Rennyo and the Roots ofModern Japanese Buddhism
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International Institute for Comprehensive Shinshu Studies
Rennyo and the Roots ofModern Japanese
Edited by Mark L. Blum and Shinya Yasutomi
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Copyright 2006 by Otani University
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Library of Congress Cataloging-in-Publication DataRennyo and the Roots of Modern Japanese Buddhism /
edited by Mark L. Blum and Shinya Yasutomi. p. cm.
Includes bibliographical references and index. ISBN-13 978-0-19-513275-5
ISBN 0-19-513275-0 1. Rennyo, 14151499. 2. Shin (Sect)Doctrines.
I. Blum, Mark Laurence. II. Yasutomi, Shinya, 1944
BQ8749.R467R45 2005294.3 926dc22 2004056812
2 4 6 8 9 7 5 3 1
Printed in the United States of Americaon acid-free paper
In conjunction with the commemoration in 1998 of the 500th anniversary (by Japanese counting) of the death of Rennyo, a large number of memorial services and other events were held. One of these was a series of panels on Rennyo set up as a special section on June 22 within the 48th annual meeting of the Japanese Association for the Study of Buddhism and Indian Religion (Nihon Indogaku Bukkyogaku Gakkai) held on the campus of Otani University. A great many scholars read informative articles, divided into two groupings: Rennyo within the History of Religious Thought and The Faith of Rennyo and the Modern World. The Shinshu Research Institute at Otani University collected many of these and other essays from scholars in Japan and abroad for a volume published in Japanese under the title Rennyo no sekai (The World of Rennyo).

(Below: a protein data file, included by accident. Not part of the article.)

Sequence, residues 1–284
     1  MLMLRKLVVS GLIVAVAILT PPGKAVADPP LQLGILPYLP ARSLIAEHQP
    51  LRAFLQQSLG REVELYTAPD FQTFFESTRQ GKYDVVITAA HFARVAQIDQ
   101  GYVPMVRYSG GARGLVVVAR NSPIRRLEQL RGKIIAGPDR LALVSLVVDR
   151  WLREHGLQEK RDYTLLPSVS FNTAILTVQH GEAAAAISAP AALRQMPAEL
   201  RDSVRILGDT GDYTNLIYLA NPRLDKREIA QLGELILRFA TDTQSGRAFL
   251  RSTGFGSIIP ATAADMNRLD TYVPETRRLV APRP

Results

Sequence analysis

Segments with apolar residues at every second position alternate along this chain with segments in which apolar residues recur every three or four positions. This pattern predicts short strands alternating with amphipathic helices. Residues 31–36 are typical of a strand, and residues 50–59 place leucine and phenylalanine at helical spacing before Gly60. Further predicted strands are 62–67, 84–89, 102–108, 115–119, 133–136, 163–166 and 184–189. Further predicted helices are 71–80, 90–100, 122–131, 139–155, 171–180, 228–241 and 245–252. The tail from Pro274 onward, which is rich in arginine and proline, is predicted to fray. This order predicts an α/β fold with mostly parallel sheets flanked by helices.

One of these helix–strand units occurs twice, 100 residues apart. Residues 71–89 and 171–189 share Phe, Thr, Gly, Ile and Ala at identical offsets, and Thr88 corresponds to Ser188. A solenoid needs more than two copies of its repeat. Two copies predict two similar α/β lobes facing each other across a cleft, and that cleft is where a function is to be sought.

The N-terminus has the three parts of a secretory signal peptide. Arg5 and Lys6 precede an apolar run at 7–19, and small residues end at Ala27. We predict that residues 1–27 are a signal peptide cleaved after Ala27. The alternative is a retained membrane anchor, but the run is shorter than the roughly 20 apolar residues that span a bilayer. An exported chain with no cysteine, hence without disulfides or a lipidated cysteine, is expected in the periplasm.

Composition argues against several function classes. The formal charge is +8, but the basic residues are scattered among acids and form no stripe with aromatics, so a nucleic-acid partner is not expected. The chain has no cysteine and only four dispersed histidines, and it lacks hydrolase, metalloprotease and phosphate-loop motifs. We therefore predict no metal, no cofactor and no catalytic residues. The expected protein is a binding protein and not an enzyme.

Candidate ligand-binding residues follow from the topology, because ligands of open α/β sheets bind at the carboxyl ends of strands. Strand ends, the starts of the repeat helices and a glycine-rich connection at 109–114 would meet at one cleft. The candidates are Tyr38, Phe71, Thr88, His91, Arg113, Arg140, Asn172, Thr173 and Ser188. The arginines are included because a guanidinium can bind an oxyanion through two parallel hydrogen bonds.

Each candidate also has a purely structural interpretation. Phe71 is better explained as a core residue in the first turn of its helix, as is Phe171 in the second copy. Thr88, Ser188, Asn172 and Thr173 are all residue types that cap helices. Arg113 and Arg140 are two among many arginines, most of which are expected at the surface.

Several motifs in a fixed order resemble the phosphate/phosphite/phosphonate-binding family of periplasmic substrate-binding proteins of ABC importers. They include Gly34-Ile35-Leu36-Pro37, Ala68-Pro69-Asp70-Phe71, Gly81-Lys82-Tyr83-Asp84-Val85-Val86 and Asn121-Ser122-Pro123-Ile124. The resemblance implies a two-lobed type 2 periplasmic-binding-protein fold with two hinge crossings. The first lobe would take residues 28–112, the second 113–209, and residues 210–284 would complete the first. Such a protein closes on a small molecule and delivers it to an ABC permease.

The achievements of Rennyo are nothing less than a restoration of Shinshu. Not only did he pull the essence of Shinshu out from the mud, where it found itself a century and a half after the death of the founder, Shinran, but Rennyo also spoke to a great many people who had lost their direction in life during the troubled age that was the fifteenth century in Japan, and with plain language he extended to them the opportunity to know Shinshu. In the end, Rennyo turned the Shinshu religious organization into an enormous social entity. As a result, during the Muromachi period Shinshu acutely dealt with a host of social issues, political, economic, occupational, feminist, family-centered, and so on, giving birth to a new way of being human.